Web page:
WHAT DO I ? (Four Questions and the Life Wisdom of an Acting Exercise)

As actors, we use certain tools to flesh out a character and, hopefully, to make the character and the scene authentic.

One of those tools is to ask four questions of the character:  
1. What do they need?
2. What do they want?
3. What do they fear?
4. What do they love?   

The answers inform so much of how actors develop characters into “real” human beings, with thoughts, emotions, intent, desire and yes, fear.

I have found this to be an interesting and helpful tool in pastoral ministry and counseling, as well. When counseling (or just casually conversing) with someone, when I am hoping to be intentional and (Ideally) helpful… these questions can help me hear the hopes and cries of the heart more accurately.

Ultimately, it can help to ask myself these same questions when faced with opportunity or risk or key decisions or hard feelings or confusing relationships or mixed emotions or inspiration or … you get the picture…

1. What do I need?
2. What do I want?
3. What do I fear?
4. What do I love?

It is an incredibly helpful tool that I admittedly came to later in life than I wish.
Especially the fear question.
It has only been in the last few years that I have started to more intentionally ask this question in the midst of difficult conversations with Jana, or a co-worker or even conversations with God, in prayer, as I try to sort things out in life. It can be incredibly helpful to identify what I fear.

When I do that, it takes away the power, to some degree, of whatever is haunting or holding me up from a goal, a relationship or a project. If I am strong and wise enough to identify my fears… and especially… if I can, in a non-emotional way … or in a way that does not point fingers or blame.. but just rationally (easier said than done, I admit), “name” the fear… well, then I can start to do something tangible and intentional about it. And in conversations with another person, it takes it off of “YOU” statements and makes it more about addressing those hurdles to good communication, rebuilding trust or analyzing my own wants, needs and motivations.

Try it. It is in incredibly helpful.

What do you have anxiety or anger about right now?
Or what key decision are you needing to make but are quite worried about?

Ask yourself what you fear.
(And what you need, want and love.)

The answers will absolutely guide the next steps in coming to resolution. They will help you in communicating and building trust and finding answers with others. And they will also inform your prayers, as you bring those concerns and fears to God and continue to ask for clarity and help.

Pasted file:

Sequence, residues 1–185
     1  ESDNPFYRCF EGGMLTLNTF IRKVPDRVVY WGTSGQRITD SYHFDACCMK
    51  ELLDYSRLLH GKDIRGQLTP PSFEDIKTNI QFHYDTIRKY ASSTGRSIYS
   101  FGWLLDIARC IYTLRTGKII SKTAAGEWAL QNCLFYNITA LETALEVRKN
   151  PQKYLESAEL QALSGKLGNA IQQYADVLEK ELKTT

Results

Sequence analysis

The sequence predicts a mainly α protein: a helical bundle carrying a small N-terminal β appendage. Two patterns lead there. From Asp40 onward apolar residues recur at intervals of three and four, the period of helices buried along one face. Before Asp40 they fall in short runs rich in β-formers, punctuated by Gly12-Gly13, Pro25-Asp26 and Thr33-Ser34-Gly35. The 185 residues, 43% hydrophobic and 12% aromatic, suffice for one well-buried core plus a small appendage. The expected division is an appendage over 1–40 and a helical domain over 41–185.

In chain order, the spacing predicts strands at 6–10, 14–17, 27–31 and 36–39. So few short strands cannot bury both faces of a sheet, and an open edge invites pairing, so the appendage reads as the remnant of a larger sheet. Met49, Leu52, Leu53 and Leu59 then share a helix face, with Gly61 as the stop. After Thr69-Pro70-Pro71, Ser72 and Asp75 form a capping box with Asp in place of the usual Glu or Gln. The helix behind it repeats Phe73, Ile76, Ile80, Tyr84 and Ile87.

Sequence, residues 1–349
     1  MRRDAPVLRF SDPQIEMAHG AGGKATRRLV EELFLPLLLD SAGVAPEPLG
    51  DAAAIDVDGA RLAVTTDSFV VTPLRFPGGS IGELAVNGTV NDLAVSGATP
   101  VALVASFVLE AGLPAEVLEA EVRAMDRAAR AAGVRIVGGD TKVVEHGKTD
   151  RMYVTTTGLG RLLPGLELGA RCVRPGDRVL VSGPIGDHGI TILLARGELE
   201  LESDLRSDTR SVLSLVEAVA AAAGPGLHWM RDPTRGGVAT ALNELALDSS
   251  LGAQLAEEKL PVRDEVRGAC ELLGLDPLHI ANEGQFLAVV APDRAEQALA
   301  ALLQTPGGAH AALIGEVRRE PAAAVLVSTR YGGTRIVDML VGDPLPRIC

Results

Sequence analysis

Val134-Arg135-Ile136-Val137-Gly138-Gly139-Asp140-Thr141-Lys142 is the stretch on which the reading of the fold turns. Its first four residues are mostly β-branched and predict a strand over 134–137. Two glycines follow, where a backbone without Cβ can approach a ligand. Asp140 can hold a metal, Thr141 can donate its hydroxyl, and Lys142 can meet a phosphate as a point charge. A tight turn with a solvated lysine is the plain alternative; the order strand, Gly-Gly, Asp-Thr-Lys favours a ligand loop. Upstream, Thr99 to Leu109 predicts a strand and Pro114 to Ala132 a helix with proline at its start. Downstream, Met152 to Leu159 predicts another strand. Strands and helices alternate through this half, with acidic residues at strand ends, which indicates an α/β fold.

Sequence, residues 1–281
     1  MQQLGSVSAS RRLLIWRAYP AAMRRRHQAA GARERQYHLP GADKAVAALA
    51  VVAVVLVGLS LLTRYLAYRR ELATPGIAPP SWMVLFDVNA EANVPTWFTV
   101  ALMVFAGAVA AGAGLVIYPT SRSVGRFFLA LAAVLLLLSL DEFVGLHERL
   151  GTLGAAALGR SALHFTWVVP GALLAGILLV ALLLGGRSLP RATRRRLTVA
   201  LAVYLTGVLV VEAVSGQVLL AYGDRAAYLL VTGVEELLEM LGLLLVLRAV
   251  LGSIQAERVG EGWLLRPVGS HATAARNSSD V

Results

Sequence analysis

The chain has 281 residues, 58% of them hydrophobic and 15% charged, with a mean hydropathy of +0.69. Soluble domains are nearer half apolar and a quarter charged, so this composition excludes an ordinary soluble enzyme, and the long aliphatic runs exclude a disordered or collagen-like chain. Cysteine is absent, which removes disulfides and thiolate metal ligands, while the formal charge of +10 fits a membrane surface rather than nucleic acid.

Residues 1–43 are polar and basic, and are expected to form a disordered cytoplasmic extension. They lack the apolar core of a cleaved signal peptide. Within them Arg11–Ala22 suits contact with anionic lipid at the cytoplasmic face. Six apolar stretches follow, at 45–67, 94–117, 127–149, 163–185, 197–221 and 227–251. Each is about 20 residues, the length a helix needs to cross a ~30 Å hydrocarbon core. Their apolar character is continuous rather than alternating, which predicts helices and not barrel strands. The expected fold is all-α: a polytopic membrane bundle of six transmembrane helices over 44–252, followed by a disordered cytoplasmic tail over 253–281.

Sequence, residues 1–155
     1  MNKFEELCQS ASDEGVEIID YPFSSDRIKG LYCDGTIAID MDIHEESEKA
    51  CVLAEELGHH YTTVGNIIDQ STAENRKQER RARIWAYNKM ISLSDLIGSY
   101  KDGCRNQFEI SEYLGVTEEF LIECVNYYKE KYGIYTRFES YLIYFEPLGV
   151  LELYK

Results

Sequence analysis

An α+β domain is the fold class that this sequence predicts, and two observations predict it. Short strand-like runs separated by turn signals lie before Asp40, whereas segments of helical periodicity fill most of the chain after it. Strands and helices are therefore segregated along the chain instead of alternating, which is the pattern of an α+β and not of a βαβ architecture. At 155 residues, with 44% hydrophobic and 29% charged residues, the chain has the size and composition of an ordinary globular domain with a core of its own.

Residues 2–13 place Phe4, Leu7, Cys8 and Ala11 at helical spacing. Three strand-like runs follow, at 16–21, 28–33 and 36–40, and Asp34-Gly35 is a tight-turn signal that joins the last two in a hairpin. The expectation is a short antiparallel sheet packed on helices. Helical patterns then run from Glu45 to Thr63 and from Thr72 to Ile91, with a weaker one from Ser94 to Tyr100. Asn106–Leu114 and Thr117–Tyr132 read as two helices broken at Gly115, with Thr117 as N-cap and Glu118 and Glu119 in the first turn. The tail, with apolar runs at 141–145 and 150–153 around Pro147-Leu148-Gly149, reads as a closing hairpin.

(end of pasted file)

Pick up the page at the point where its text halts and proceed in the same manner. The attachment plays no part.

Not bad for an old acting exercise, eh?

And they say a theater degree is impractical for life.

“They” speaketh incorrectly.

Love you, friends.

And more importantly, Jesus loves you.


+ Jonathan


A Moment of Crisis

A 7 year old boy is the first to greet me yesterday morning, shortly after I finish performing the Witnesses drama at the host church.

He looks a little worked up.  Jonathen Swenson Circle

I am thinking maybe one of the more intense scenes in the drama scared him a little. Or maybe he has a new question about God that he wants to ask me. Drama Ministry can make you think new thoughts and ask new faith-related questions. Happens all the time.

So the service is getting out now and people are coming towards my info table to say hello. I can tell this little guy is having a hard time working up the nerve to ask his question to the guest actor and pastor.   

I lean in a bit closer to help him out, and to let him have a little privacy. You know, so he can ask his question quietly.

He looks right into my eyes now, and I can see his forehead is scrunched up. Tears are forming in HIS eyes. This little guy is REALLY out of sorts about whatever it is he is going to discuss with me.

Finally his courage breaks through, he catches an extra breath and asks the big question…

“Do you know where the cookies and Kool-aid are?”

Apparently my display table was located where the coffee and cookies are usually served. A tragic miscalculation in hospitality.

I smile, give him a fist-pump and say, “A man after my own heart”… then point the way to the relocated post-service refreshments.

And once again, I am grateful to be a servant of the Gospel.